Within the dungeon settings of the Greyhawk campaign were areas that removed play to exotic places of water, wilderness, sky castles, and strange planes. Portions of the underground complex contained labyrinths; others led to caverns, unexpected places of beauty, dark temples, and so forth. In one place there was much combat, in another none, in a third a mixture of fighting and activities requiring thought and investigation. Outward and downward and elsewhere the delving adventurers went, and still they could never hope to know the true geography of that strange place.
Around that deep place of danger and the unknown sprawled both wild land and the teeming metropolis of the city. Those readers familiar with my Gord the Rogue stories will know a bit about the City of Greyhawk. Cosmopolitan and rude at once, its towers and catacombs offered as much in the way of derring-do as any dungeon could. Espionage and politics were there aplenty, all alongside simple taverns where thieves held concourse. Other cities and towns near and far beckoned. A whole continent filled with wonders of man and nature, kingdoms and despotic realms, and savage places too.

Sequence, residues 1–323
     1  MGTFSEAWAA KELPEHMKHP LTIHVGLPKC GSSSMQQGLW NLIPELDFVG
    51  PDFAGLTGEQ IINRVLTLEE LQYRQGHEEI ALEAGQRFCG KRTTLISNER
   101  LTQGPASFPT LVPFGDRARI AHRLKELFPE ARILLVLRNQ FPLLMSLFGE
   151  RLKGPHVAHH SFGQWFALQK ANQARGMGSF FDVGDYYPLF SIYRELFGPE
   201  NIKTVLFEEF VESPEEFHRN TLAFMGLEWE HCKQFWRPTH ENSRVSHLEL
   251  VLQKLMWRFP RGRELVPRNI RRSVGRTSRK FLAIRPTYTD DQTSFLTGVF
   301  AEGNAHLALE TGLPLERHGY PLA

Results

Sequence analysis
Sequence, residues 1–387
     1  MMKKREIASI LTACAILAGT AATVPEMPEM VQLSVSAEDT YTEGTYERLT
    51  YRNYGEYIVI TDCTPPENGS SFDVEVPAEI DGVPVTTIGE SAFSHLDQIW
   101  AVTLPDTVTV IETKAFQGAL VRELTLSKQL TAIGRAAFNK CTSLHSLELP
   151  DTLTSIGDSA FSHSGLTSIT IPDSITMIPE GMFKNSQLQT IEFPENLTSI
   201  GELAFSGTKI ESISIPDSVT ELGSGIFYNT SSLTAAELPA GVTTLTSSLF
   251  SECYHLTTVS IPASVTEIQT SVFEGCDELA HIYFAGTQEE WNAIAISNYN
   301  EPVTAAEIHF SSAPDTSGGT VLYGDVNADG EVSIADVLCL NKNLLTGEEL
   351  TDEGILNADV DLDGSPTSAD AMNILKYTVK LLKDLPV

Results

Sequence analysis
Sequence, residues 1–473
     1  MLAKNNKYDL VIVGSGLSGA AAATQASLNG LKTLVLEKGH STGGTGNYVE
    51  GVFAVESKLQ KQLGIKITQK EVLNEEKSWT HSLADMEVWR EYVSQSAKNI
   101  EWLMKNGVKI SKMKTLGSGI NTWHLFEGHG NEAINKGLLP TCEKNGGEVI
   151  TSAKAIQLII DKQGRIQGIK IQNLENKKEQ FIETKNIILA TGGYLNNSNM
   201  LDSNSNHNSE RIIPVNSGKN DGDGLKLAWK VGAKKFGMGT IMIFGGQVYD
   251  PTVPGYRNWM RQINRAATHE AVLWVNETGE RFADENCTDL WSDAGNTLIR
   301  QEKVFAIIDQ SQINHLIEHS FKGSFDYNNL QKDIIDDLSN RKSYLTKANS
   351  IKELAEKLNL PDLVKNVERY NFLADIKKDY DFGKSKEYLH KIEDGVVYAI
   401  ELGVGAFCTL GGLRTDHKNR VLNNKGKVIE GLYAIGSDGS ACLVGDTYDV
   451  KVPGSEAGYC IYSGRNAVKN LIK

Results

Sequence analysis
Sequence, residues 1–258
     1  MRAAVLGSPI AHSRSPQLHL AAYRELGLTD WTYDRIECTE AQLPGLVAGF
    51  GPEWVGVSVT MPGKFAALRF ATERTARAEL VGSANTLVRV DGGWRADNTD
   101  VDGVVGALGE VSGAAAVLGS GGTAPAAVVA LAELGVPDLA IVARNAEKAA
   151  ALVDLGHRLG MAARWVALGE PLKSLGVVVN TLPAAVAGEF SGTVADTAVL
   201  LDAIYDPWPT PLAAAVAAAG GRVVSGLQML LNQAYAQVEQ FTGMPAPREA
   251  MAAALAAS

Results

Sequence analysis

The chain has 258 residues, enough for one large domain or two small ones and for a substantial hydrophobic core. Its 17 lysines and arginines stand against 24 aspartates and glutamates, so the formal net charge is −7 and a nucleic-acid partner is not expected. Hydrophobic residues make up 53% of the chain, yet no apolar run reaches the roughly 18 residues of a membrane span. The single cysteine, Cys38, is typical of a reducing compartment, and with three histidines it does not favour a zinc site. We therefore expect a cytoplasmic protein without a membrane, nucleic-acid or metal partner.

Beyond that world were the infinite places of the sort most humans of that milieu could not reach–except for the bold adventurers. These were the elemental planes and those connected to them, shadow and the ether. The multiverse extended below the realms of darkest evil, above the palaces of light, and laterally to the home of uncaring chaos on one end and absolute order on the other.
With all of that, and a co-GM too, there occurred from time to time a slackening of interest because one group or another simply had enough immersion in the realms of fantasy, magic, and make-believe. When that happened, a quick shift of gaming milieu would enable play to move to another adventure better suited to the player mood. The Old West, a brush with some World War II events, an expedition into New York City, an inadvertent transportation to a Starship, or a similar trip to some setting conceived by an author such as Edgar Rice Burroughs or Jack Vance–anything was possible.
– Gary Gygax, Master of the Game, pp. 89-90